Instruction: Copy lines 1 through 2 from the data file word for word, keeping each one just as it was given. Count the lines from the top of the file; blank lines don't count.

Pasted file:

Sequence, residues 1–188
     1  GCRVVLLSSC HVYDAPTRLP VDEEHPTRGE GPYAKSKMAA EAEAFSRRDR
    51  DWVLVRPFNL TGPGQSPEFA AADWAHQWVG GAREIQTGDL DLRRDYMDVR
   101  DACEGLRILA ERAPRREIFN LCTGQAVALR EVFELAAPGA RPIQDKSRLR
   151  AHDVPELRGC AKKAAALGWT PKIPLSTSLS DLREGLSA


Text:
Sequence, residues 1–188
     1  GCRVVLLSSC HVYDAPTRLP VDEEHPTRGE GPYAKSKMAA EAEAFSRRDR